Meandering along the Lea

Meandering – to follow a winding course, to wander in a leisurely or aimless manner.

Meander originates from the ancient greek name for a river, the Maiandros, which flows through modern Turkey. The name has come to define not just wandering rivers but aimless journeys more generally.

This was my starting point to explore the Lea, London’s second river – a rambling path; rising in rural Hertfordshire and winding it’s way through East London to its eventual confluence with the Thames near the old East India dock.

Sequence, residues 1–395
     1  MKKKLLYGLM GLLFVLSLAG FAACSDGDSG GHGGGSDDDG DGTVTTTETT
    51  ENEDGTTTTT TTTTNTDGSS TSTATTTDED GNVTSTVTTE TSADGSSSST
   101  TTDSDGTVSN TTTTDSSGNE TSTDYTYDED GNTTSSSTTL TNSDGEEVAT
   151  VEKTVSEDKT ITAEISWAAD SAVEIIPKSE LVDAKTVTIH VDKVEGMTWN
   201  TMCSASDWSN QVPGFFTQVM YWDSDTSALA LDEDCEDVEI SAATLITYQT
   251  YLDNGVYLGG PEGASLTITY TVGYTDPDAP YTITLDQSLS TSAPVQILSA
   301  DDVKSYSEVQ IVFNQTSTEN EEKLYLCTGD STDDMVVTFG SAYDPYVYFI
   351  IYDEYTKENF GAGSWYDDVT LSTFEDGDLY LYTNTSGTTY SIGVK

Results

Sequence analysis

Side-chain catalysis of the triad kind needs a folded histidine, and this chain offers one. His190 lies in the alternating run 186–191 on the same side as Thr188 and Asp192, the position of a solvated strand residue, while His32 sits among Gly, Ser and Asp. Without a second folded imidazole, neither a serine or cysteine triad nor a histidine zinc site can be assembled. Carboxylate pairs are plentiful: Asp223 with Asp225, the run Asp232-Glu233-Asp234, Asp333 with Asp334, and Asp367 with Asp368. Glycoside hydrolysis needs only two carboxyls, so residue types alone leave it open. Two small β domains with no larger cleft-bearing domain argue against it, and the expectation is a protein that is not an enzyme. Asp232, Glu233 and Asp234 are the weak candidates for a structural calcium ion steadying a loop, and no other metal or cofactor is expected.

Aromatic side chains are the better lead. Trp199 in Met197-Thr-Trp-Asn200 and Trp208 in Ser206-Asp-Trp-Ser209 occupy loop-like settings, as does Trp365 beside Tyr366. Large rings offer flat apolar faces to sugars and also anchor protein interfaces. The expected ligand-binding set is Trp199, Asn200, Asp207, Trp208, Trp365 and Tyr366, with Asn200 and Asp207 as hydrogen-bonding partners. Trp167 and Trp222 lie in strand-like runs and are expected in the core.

Once an ancient trade route for transporting wheat for bread and grain for gin, more recently it’s path through East London has determined the boundaries of the island on which the Olympic park has been built.

What was once a site for flour mills has become a cultural icon – generating a transformation of what was once a centre for London’s furniture industry. While the timber yards and furniture factories have gone – a new city of narrowboats, pop-up cafes and shops have arisen – adding another layer to London’s history.

Yet these recent re-generations are not new. For centuries the Lea has been managed, re-routed, transformed and shaped over time to satisfy a variety of needs. Meandering along the Lea today reminds us that the urban environment is constantly in flux.